The TO point, I believe, deals with the "eject" function. SX is for psx backups (optional), 3v3 is power and ground is ground (obvious). So there you have it. The points mentioned in the above paragraph are disc/drive related, then aside from the points I just mentioned in the last sentence, everything else is bios related.
But anyhow, just because you pass the bios led test doesn't mean your HA wire is good. The HA wire has nothing to do with the bios test. When you did your initial led test, if you were following the manual, the HA shouldn't even of been soldered yet.
Like I said above, I've passed both tests before and still had a failed install, so the tests aren't perfect. You could still have some bridged points that you can't see with the naked eye. Cold joints as well. Could be attached well enough to pass the bios or pin tests, but maybe not good enough to be functional.
Given I had problems even with passing tests, I'm pretty sure that just some sub-par joints or crud on nearby points (causing bridging or not) was causing my problems.
There really was no other explanation, still isn't one because on my next intall, I again passed both tests, all the wires were surely soldered to the exact same points as before, but this time I had a good install. And as I mentioned before, the only difference was that I had much better stronger joints from using tiny amounts of flux.
I had put my chip through a lot. One little component on it had a nice bit of solder on it (but I didn't want to apply the heat to desolder worried that I might really destroy the chip). had some flux residue on it. I had held a 30 watt and 15 watt iron on some of those pads for more than a few seconds at a time, or even worse.
I almost didn't try my last and successful install because I was sure I hurt the chip.
But I gave it another go just because I had just enough wire to do it.
Of course, while I put my chip through hell, it was still in good shape. I would definitely look for problems on the ps2 board before assuming the chip is at fault. It's solder points (especially ones like the SX point and similar) are much much more fragile.
So here come the part you don't want to hear. The best troubleshooting you can do at this point (if you don't see any problems with the naked eye or magnifying glass, and if you verified that all the fuses are OK), is to take the chip off.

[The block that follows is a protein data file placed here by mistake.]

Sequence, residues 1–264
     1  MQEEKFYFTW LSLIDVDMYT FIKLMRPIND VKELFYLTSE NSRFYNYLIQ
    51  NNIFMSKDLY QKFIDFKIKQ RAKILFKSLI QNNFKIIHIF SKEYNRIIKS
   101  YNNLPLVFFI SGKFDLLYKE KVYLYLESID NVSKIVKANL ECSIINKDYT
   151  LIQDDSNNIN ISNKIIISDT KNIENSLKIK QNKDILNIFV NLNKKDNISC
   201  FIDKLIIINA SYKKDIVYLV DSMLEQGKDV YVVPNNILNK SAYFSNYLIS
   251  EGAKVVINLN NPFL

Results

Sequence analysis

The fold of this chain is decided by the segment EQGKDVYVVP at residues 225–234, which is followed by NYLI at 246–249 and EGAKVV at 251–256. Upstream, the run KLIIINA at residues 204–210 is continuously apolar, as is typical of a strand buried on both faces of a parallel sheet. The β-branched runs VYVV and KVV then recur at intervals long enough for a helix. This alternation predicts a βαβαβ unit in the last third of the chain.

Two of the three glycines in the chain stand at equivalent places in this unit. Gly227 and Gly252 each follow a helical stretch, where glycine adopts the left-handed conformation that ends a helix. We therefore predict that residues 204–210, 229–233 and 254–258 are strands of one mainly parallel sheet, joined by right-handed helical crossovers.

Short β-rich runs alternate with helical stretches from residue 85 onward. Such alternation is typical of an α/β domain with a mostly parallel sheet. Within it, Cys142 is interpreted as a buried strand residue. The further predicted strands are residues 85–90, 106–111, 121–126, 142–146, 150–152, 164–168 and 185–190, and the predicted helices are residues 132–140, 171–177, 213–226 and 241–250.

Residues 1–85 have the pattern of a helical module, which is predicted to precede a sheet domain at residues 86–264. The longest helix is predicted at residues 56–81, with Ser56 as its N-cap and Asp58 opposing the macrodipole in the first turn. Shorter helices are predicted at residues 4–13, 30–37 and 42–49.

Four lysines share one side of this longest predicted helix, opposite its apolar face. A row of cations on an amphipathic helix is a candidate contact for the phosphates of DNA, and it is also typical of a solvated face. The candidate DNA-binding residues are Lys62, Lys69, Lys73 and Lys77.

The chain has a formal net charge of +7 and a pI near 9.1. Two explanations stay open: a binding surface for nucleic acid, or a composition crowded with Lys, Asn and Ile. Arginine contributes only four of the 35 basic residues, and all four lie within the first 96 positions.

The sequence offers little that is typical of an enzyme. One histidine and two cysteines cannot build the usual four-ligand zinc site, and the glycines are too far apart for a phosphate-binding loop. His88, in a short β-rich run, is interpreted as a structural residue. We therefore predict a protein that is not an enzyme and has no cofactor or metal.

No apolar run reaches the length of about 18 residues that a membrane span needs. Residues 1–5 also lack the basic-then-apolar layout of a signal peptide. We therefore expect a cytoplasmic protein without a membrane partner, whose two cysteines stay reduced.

You want to make sure the console itself is still working and that you haven't damaged any components.
And taking the chip off is the only way to do it.
I was able to get away with just removing the wires from the chip itself, leaving the rest in tact since soldering to the chip is much easier. But if you do that you must make sure none of the exposed wire ends are touching anything or each other.
If you still have problems, then get those wires off the board as well and remove all solder w/ desoldering braid or that vacuum thing (whatever works for you).
After that, you will know if you console is OK.
If its OK, gear up for another install!
As much as I hated doing that, there was a silver lining in that I got MUCH better each time I did it.
Its amazing how much better your soldering skills get when you are working on something of value$$!
I really recommend using the flux in the manner I suggested in the last post. Also make sure you tin well, you want that shiny round look.
However, I do admit that after I joined some wires to the tinned points, some of them weren't perfect looking, but were effective, especially with the flux used.
I really wish you luck, I'm just a noob to, but I know you can do it. I definitely recommend some of the tricks and tools I used in my above post.
I can't think of anything else to tell you.
Maybe somebody with more experience can add a thing or two, but when you are passing the tests and still having problems, I don't think there is a whole lot more in the line of tips that can be said.
Perhaps what could help is if another more experienced member that has worked on your exact board can maybe help out more than I can.
I'm guessing you are working on a PAL v15, which would explain why the board is quite a bit different in some areas.
Lastly, maybe if you have a good camera post a pic of your install?
Where can I find a diagram showing the fuses on the V15b GH-051-51 PCB?
Here is a CC install tut I worked up not long ago for the CC in a V15.
I dont have a fuse diagram but they will be labeled PS1-PS16 on the motherboard. Here is a close example from a V12 courtesy of kl1k
I would also recommend that before you do anything try booting the CC into recovery mode by tapping the reset button 3 times from standby with a 1 second delay between taps.
Excellent stuff Spedmetal. Love the alternate points for Q, T, U and V. I used some other alternate points for these myself which rung out as equivalent from the ohmmeter. If I have to redo my install I will use these instead. Much appreciated.